Pay to Play: How Are The World's Biggest Tours Financed?

Big Tours, Big Money

If you’re a pop star, tours represent big, big money. Especially as the world has shifted towards digital streaming, album sales (which typically generated the majority of an artist’s income) now deliver much less revenue for stars than they once did. As a result, the world’s biggest musical talent have increasingly turned to tours to generate income for themselves, their record labels and their management teams. Tour revenue comes from ticket sales, but also net profit on merchandise, VIP tickets and ‘meet-and-greet’ packages, sponsorship deals and other associated sales. 

2023: The Year Of The Mega-Tour

The world's top performers are generating significant income from their tours: this year alone, Taylor Swift is potentially generating anything from $500 million to (optimistically) $1.2 billion from her current Eras tour. Each of Swift’s current 52 shows will seat around 50,000 fans which are only taking place in America’s biggest stadiums. Beyoncé - again, optimistically - could pull in as much as a total of $2 billion with her Renaissance tour, which will pay out over the course of the second half of 2023 with over 57 international shows. 

But while big tours make big money (Swift is thought to be taking home around $10 million a show), they also require huge investments to get up and running. The exact cost of Eras is unknown, but it’s thought it’ll amount to as much as $100 million to put on. Despite the colossal amount, we believe very little of that is debt: Swift is so popular and there’s such fan demand to see her perform, for example, that with some careful organization, her team would have been able to raise the amount needed to run the tour via ticket sales in exclusivity, before she performed a single show. Beyoncé’s tour is likely to follow the same pattern.

Financing Tours

When it comes to touring, the cost of the show itself only represents only a small part of the total costs of the tour. Artists and their teams also need to consider insurance, ticketing infrastructure or partnerships, warm-up act payment, security, travel, team salaries, costumes, and more. For the world’s superstars like Swift and Knowles, concerts are mainly funded by ticket sales: easy, when you can almost guarantee your tour dates potentially sell out in minutes or a few hours and you can command a high ticket price.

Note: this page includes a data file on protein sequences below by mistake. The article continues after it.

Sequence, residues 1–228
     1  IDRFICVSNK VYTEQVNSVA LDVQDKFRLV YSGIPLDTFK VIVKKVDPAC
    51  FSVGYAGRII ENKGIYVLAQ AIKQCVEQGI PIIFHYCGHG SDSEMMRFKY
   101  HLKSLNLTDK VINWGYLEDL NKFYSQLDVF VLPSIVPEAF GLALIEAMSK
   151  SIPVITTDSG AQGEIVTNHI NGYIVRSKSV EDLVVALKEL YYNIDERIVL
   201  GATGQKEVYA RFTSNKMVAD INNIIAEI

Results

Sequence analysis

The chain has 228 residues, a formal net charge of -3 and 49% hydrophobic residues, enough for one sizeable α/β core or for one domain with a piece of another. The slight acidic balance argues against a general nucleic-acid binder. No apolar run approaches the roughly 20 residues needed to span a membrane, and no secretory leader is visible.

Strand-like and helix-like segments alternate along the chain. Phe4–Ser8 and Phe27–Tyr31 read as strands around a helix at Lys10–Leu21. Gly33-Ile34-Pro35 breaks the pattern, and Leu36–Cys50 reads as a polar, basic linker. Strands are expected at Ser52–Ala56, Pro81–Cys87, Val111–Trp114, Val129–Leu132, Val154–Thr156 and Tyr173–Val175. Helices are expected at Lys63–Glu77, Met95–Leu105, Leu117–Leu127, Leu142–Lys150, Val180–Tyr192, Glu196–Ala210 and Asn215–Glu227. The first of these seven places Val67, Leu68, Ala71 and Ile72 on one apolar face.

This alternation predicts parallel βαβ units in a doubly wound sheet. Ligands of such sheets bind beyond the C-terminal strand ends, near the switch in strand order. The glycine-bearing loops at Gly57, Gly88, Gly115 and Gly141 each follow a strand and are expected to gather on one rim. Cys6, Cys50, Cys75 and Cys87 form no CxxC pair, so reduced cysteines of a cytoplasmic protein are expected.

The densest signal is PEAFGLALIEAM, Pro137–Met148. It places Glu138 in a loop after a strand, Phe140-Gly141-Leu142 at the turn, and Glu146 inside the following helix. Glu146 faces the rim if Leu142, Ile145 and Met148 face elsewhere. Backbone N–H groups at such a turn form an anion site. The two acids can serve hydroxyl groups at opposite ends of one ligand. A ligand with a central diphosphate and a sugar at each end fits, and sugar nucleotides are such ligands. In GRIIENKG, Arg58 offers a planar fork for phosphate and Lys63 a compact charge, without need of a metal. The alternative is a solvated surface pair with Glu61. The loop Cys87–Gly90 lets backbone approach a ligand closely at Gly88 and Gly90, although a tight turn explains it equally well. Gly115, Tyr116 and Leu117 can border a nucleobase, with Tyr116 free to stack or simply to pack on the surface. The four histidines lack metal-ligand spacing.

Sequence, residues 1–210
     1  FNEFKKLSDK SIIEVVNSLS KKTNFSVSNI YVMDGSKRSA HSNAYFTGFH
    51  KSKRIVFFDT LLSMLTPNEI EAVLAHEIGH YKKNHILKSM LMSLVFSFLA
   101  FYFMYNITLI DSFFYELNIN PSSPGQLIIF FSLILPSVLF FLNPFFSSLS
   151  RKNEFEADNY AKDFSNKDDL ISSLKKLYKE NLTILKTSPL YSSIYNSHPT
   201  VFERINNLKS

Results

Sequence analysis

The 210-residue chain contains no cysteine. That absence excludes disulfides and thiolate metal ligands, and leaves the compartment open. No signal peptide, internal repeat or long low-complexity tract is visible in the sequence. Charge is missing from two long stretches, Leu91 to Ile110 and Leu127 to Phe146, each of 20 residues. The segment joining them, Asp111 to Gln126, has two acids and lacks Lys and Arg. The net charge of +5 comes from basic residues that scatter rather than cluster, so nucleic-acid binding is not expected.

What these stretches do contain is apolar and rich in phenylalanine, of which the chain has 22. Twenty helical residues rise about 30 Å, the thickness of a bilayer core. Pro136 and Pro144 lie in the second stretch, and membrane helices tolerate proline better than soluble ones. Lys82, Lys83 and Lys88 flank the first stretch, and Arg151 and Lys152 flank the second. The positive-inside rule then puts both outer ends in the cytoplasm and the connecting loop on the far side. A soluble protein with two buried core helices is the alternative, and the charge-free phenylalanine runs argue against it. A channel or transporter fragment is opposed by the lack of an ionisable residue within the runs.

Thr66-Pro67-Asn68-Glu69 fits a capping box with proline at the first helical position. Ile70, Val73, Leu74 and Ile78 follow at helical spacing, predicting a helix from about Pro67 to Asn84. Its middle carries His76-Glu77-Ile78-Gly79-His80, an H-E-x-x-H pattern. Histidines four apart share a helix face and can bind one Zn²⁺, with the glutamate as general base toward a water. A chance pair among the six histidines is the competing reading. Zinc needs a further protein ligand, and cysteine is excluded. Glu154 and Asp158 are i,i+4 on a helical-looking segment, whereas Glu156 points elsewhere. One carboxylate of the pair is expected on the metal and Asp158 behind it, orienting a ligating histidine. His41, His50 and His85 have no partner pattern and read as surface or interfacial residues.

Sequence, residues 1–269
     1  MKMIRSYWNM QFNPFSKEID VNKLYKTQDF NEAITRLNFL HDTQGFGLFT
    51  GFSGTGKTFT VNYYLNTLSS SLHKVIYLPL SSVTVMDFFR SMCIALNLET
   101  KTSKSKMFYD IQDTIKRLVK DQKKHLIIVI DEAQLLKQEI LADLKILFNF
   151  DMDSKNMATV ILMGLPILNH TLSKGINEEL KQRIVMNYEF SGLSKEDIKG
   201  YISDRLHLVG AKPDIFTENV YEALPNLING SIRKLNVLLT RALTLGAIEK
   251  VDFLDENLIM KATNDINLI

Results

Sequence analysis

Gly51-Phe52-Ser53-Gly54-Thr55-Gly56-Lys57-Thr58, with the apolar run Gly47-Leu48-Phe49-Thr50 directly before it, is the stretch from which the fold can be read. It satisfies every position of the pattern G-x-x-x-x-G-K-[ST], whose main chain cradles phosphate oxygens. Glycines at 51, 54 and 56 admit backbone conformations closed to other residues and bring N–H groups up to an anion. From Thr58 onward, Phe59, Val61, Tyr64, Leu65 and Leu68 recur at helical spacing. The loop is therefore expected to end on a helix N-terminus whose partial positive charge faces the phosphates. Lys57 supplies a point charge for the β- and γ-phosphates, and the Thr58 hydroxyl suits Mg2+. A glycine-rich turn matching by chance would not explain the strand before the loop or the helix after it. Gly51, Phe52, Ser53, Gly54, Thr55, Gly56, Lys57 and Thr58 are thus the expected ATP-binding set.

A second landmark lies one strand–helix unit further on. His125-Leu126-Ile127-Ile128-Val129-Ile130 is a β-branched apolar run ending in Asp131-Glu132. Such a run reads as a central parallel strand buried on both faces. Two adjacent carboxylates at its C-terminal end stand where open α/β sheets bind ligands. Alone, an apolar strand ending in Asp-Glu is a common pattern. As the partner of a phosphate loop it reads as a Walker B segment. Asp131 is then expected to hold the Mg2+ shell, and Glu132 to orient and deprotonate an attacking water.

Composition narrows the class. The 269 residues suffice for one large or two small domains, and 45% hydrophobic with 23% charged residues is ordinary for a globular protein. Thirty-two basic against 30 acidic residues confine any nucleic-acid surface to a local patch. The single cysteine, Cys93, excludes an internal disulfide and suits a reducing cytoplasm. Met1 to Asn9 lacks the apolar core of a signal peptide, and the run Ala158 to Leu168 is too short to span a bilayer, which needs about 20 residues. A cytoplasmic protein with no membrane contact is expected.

Provided a superstar artist or band is almost guaranteed to run a sell-out show, venues and suppliers are usually willing to be slightly more flexible with payment terms, and the artist can raise capital via ticket sales and pre-sales before settling liabilities within a minimal timeframe. Other income from the shows – such as merchandise is then banked later. Completely tailored insurance with a policy that covers a huge range of scenarios in which the show might be delayed, cancelled or refunds might be issued are necessary, in case the artist can’t play a show or is injured. This is imperative in any case, but especially when such a large portion of ticket revenue proceeds is used to fund the show and is effectively a sunk cost that none of the parties can recoup if the show isn’t put on.

Financing For Other Stars

For artists that go on tours that don’t have the pulling power of the likes of Beyoncé, Swift or Harry Styles, who is also touring this year, paying for a tour is much more complicated – even if they are popular enough to fill large stadiums and venues in leading cities across multiple dates. These bands or artists often generate less up-front liquidity generated via ticket sales than you’d see for than you’d see for a global, A-list superstar. The costs of shifting tickets may also be higher with more marketing and promotion required to drum up interest. Add in the now-standard COVID clauses and other clauses protecting the consumer in the event of cancellations, and tour financing becomes more complex.

In these cases, most of the cost of the tour will be absorbed by an events company, which typically fronts the initial costs themselves (usually through equity and/or some debt). Performers are usually paid a lower percentage than the biggest stars as there’s more risk shows won’t fill to maximum capacity, and the event organiser won’t make all their investment back as a result. The artist can be paid around 50% of profits (not revenue!) up front, although the percentage may change from artist to artist, depending on their popularity. 

Tax Considerations

Tax and tax payments are also likely to be a consideration as the fiscal implications of a tour are always convoluted and many artists want to try to accrue or pre-pay at least some of the tax incurred as part of a tour as they play, rather than paying off numerous tax liabilities at the end of the tour. Swift, for example, is currently only playing in the US (although in June 2023 she announced 2024 global dates), but she will be earning significant income amounting to millions of dollars from a single show. Running costs aside, what she nets from any particular show will fluctuate based on the state's tax rates. Beyoncé’s Renaissance tour is international, and her profit will be similarly affected, and she is likely to run income through various international corporate entities to optimise tax and facilitate capital flow.

The views and opinions expressed in this piece are those of the author, and do not constitute advise or a recommendation, nor to they necessarily reflect the official policy or position of Enness. Views and opinions expressed are not intended to indicate any market or industry viewpoints, or those of other industry professionals